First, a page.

The article stated that, “U.S. Trade Representative Ron Kirk said last week the United States still hoped to strike a deal with Brazil to avoid the sanctions. If it cannot, it will have to try to persuade Congress to change the U.S. cotton program to satisfy Brazil’s concerns, he said.

Brazil has indicated it could accept a U.S. pledge to send a reform bill to Congress if Brazil were compensated for damages until the bill’s approval. Some Brazilian business leaders have proposed compensation through U.S. investments into cotton research, as well as more U.S. imports of Brazilian beef, orange juice and ethanol.”

Meanwhile, a news release issued by the National Pork Producers Council yesterday stated that, “With rumors that the Mexican government may update a trade retaliation list against U.S. products, the National Pork Producers Council and state pork producer organizations today urged the Obama administration to resolve a dispute with Mexico over allowing its trucks into the United States.”

“‘We need to get this trucking issue resolved,’ said NPPC President Sam Carney, a pork producer from Adair, Iowa, ‘Mexico is an important market for U.S. pork, which right now isn’t on the retaliation list, but it could be. More importantly, this needs to be resolved so our trading partners have assurance that the United States will live up to its trade obligations.’

“In 2009, the United States exported to Mexico more than 503,000 metric tons of pork worth more than $762 million, making it the No. 2 market for U.S. pork exports.”

Ag Economy

Tom Steever reported yesterday at Brownfield that, “An official with the Federal Reserve Bank of Kansas City calls recovery from the recession sluggish, but he says it should still benefit the farm economy. Omaha Branch Executive Jason Henderson says the general economy is expected to grow only three percent this year, but he says even that will allow consumers to help the farm economy.

“‘As they purchase more food and buy more high-end foods, it’ll help domestically, but a global economic recovery should also strengthen U.S. exports,’ Henderson told Brownfield following a presentation at the FAPRI Outlook Conference. ‘The combination of rising consumer demand and rising global demand should help farm prices and farm incomes.’”

The Brownfield link includes a five-minute audio interview with Jason Henderson.

Meanwhile, National Agriculture Week started yesterday and Rep. Adrian Smith (R-Neb.) spoke about this development and highlighted the importance of the agricultural sector in a short one-minute speech delivered yesterday on the House floor. To watch Rep. Smith’s remarks on agriculture, just click here.

Corn Production Implications

Philip Brasher reported yesterday at the Green Fields Blog (The Des Moines Register) that, “Economists at the University of Illinois say cash prices for corn could reach $7 a bushel if the weather is poorer than average this year and that policymakers need to figure out how to deal with a price increase like that ahead of time.

“Scott Irwin and Darrel Good modeled a good- and poor- scenario based on the five best and worst growing seasons since 1960 in the main corn-growing states. They then came up with average yields that could range from 134.5 to 172.5 bushels per acre. Because of the national biofuels mandates, which guarantee that a certain percentage of the corn crop will go into making ethanol, the average farmgate price of corn could be near $5.75 per bushel while daily highs in the cash price could reach the $7 level that occurred during the marketing year for the 2007 crop, the economists found.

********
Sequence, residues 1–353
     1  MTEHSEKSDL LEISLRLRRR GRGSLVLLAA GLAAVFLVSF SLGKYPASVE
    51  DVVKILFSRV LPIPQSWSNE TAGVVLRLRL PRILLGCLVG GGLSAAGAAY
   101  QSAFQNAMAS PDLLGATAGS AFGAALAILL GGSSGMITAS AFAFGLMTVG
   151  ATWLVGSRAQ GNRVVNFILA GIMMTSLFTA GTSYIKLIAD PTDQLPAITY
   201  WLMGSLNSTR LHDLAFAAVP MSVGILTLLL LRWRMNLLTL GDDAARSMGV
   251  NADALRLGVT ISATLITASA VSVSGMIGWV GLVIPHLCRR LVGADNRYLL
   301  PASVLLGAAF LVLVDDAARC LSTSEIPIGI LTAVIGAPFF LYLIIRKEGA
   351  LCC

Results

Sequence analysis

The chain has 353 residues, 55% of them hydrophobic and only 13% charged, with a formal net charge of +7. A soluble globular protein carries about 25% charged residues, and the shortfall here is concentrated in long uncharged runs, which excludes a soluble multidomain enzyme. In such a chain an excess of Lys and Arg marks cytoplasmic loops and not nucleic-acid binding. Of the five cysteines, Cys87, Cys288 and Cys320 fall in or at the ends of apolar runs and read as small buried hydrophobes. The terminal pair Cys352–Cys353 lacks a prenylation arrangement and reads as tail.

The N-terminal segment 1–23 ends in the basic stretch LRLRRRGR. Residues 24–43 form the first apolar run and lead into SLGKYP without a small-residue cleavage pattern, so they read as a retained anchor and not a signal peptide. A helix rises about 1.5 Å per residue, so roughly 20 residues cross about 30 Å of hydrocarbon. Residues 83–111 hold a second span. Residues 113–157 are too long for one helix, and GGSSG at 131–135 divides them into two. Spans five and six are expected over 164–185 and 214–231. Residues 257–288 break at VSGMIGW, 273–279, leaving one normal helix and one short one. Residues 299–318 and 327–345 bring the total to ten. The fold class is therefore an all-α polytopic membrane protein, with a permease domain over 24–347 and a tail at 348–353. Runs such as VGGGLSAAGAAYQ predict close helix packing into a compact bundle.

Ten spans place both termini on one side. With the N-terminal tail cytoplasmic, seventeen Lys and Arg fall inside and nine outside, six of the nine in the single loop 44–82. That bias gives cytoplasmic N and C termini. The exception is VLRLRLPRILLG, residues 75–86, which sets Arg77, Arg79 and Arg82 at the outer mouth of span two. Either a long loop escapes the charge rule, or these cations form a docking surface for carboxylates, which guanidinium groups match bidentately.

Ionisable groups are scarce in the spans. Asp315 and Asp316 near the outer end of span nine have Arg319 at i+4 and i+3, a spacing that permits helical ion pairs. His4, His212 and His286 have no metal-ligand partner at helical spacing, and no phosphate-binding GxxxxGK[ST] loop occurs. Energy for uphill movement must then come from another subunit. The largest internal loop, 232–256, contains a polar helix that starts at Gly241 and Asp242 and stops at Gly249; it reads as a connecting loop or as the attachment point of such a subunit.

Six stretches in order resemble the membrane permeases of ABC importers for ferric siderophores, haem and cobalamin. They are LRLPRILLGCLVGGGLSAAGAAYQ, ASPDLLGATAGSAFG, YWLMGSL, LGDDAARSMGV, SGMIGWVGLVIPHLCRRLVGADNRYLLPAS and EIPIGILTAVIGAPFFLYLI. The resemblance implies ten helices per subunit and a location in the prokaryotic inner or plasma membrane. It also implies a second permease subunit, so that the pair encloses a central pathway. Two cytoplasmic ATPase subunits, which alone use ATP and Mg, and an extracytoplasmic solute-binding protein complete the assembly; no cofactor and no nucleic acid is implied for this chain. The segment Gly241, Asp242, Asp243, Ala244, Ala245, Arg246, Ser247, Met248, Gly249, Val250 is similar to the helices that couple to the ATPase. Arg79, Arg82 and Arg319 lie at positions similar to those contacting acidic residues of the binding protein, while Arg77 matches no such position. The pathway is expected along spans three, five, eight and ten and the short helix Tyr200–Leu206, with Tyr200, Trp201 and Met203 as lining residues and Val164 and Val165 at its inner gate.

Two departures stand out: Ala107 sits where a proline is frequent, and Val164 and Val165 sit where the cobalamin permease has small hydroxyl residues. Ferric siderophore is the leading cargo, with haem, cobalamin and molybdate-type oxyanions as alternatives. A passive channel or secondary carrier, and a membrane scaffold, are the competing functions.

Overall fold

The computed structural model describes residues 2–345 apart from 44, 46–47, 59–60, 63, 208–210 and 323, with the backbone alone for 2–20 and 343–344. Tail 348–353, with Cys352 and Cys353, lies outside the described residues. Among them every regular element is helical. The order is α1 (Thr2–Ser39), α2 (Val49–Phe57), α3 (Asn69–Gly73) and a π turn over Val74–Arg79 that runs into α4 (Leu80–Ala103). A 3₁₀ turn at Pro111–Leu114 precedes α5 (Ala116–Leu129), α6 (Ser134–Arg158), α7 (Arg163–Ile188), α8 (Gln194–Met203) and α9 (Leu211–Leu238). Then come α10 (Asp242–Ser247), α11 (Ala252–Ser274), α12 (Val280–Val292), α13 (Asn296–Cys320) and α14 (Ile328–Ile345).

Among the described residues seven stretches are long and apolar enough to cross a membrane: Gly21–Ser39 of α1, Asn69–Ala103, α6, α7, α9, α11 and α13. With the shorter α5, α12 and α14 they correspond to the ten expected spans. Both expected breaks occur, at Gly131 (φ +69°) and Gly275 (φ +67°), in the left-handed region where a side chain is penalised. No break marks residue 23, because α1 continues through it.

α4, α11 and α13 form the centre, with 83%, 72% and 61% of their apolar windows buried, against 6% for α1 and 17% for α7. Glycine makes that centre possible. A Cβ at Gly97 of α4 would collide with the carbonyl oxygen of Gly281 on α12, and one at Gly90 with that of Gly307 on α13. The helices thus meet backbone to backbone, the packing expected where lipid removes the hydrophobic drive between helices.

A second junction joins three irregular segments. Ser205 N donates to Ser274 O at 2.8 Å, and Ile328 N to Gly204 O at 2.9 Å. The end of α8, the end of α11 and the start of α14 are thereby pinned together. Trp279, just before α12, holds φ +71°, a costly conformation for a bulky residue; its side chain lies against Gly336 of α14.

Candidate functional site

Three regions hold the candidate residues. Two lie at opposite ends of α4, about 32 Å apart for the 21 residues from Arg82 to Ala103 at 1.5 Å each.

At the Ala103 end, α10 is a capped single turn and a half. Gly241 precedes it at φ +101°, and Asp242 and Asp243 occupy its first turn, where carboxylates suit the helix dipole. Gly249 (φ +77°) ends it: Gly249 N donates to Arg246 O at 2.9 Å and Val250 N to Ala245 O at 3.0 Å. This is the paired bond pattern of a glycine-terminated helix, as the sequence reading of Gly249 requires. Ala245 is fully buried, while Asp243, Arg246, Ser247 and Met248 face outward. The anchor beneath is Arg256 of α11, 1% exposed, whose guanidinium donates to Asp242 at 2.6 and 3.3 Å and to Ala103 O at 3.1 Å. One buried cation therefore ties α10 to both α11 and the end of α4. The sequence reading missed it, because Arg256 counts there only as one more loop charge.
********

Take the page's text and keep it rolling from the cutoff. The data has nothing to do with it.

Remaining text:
“‘We believe it is imperative that a process be initiated now to determine how to deal with such situations rather than putting our figurative heads in the sand and hoping it does not occur,’ they wrote.”

And a University of Illinois Extension update from yesterday indicated that, “The USDA will release two reports on March 31 that could have significance for corn and soybean prices. These are the March 1 Grain Stocks report and the annual Prospective Plantings report.

“The quarterly stocks report for corn may be more important this year than in a typical year. There are still unresolved questions about the size of the 2009 harvest and the impact that quality of the 2009 crop has had on domestic consumption. Some argue that the generally low test weight of the 2009 crop has resulted in higher consumption rates in both the livestock and processing sectors. Lower test weights should result in larger rates of consumption if consumption were measured by volume. However, production and consumption estimates are made in units of weight so that the impact of test weight on the number of bushels consumed may be minimal. The stocks report may shed some light on this issue.”

Yesterday’s update added that, “A lot has been written about planting intentions of various spring planted crops in 2010. Expectations for corn and soybean acreage intentions are in a wide range. There is more uncertainty than usual about prospective plantings of spring crops because of the large decline in winter wheat seedings, the maturity of some CRP contracts, the wide range in total planted acres of all crops in recent years, and the lack of fall field work and fertilizer application in some areas. There seems to be general agreement that producers will report intentions to plant more corn due to expanding ethanol requirements. Expectations generally fall in a range of a two to four million acre increase. Expectations for soybean acreage are more diverse, with some expecting intentions to show an increase and some expecting a decrease. A large increase would likely be viewed as negative for prices due to the large South American crop and prospects for declining demand for US soybeans.”

Keith Good